6. I got hurt through no fault of my own and now the company is treating me like dirt.  Can they do this?

The state of Texas is an "at-will" employment state, which means your employer can fire you for a good reason, a bad reason, or no reason at all.  

That is, unless their reason (their "real" reason-- not necessarily what they tell you) is because you filed a workers' compensation claim, or because you are a member of a protected class (reasons of race or sexual discrimination, for example), then you can sue them for this.

If they fire you because they're just jerks, then you can't sue them for that.  But you may be eligible for workers' compensation benefits if you are on "light duty" or off work due to your injury.  If you're not, you may be able to file for unemployment benefits.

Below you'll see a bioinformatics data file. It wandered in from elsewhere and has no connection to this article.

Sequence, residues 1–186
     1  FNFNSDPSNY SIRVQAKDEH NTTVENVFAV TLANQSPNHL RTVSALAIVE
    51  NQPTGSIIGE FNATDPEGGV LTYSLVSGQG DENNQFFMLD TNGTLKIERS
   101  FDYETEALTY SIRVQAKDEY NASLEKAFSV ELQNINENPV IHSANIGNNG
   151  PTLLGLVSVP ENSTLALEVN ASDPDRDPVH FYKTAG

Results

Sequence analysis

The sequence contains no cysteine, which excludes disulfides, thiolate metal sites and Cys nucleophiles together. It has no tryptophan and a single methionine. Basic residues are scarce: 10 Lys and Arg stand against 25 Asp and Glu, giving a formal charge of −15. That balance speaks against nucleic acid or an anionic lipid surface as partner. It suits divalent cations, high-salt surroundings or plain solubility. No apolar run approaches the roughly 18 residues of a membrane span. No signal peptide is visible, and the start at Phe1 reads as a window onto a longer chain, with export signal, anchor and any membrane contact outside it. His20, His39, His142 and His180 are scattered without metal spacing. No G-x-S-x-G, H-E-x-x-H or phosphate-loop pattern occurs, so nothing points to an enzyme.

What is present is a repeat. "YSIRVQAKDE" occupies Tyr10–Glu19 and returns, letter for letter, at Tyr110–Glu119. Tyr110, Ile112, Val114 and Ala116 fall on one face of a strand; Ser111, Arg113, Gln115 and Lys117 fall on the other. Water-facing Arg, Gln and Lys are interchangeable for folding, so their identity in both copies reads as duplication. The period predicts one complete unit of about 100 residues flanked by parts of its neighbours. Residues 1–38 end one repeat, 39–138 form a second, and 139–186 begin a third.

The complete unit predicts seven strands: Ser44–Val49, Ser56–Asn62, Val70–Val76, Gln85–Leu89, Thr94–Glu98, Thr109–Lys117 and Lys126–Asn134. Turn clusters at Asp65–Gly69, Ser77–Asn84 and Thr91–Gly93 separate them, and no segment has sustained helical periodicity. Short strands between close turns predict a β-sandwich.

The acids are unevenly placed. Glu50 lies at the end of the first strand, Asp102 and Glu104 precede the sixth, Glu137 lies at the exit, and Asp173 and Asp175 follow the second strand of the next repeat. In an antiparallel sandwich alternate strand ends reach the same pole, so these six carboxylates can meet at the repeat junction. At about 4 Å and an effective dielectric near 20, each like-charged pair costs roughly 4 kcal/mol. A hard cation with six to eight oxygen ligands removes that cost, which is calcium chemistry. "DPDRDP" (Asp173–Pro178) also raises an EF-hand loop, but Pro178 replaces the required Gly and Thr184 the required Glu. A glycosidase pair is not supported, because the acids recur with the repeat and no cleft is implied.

7. Can I be fired while on workers' compensation benefits?

Your employer cannot file you because you filed for workers' compensation, but they can let you go if you are out of work for an extended period of time and they need to get someone else to do your job.  The Federal law called the Family and Medical Leave Act (FMLA) restricts when they can do this.  Basically, if they are covered under the law (and not all employers or jobs are-- check with an attorney), then they cannot fire you for being out of work due to any medical condition, either yours or that of a close family member-- until they have given you at least 12 weeks to get back to work.  There are complex rules about how this 12 week period is determined, when it applies, and what the penalties are, so it is wise to seek legal advice when you encounter that issue.

8. Can I sue the employer?